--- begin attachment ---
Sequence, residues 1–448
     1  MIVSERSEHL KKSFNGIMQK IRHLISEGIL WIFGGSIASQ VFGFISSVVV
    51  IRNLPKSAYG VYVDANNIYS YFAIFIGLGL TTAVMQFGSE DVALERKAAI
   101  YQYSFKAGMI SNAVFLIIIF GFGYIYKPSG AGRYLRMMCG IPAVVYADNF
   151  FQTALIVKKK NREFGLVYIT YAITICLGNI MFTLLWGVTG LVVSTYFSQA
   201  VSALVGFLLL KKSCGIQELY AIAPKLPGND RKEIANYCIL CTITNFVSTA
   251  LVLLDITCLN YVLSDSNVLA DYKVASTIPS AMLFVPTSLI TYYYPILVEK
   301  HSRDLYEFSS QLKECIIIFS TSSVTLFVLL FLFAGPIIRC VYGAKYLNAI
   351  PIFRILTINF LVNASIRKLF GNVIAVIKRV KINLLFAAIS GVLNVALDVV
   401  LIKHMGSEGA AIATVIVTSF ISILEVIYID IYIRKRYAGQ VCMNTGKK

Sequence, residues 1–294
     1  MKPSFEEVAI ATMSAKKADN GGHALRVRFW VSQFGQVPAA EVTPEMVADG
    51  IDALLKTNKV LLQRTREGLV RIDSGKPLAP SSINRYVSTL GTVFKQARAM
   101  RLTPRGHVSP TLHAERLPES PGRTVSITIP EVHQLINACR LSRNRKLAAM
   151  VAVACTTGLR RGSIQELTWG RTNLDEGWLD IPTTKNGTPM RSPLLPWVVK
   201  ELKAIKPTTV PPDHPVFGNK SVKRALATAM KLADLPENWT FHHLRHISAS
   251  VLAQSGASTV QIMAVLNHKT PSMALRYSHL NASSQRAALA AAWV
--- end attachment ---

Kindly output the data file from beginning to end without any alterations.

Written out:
Sequence, residues 1–448
     1  MIVSERSEHL KKSFNGIMQK IRHLISEGIL WIFGGSIASQ VFGFISSVVV
    51  IRNLPKSAYG VYVDANNIYS YFAIFIGLGL TTAVMQFGSE DVALERKAAI
   101  YQYSFKAGMI SNAVFLIIIF GFGYIYKPSG AGRYLRMMCG IPAVVYADNF
   151  FQTALIVKKK NREFGLVYIT YAITICLGNI MFTLLWGVTG LVVSTYFSQA
   201  VSALVGFLLL KKSCGIQELY AIAPKLPGND RKEIANYCIL CTITNFVSTA
   251  LVLLDITCLN YVLSDSNVLA DYKVASTIPS AMLFVPTSLI TYYYPILVEK
   301  HSRDLYEFSS QLKECIIIFS TSSVTLFVLL FLFAGPIIRC VYGAKYLNAI
   351  PIFRILTINF LVNASIRKLF GNVIAVIKRV KINLLFAAIS GVLNVALDVV
   401  LIKHMGSEGA AIATVIVTSF ISILEVIYID IYIRKRYAGQ VCMNTGKK

Sequence, residues 1–294
     1  MKPSFEEVAI ATMSAKKADN GGHALRVRFW VSQFGQVPAA EVTPEMVADG
    51  IDALLKTNKV LLQRTREGLV RIDSGKPLAP SSINRYVSTL GTVFKQARAM
   101  RLTPRGHVSP TLHAERLPES PGRTVSITIP EVHQLINACR LSRNRKLAAM
   151  VAVACTTGLR RGSIQELTWG RTNLDEGWLD IPTTKNGTPM RSPLLPWVVK
   201  ELKAIKPTTV PPDHPVFGNK SVKRALATAM KLADLPENWT FHHLRHISAS
   251  VLAQSGASTV QIMAVLNHKT PSMALRYSHL NASSQRAALA AAWV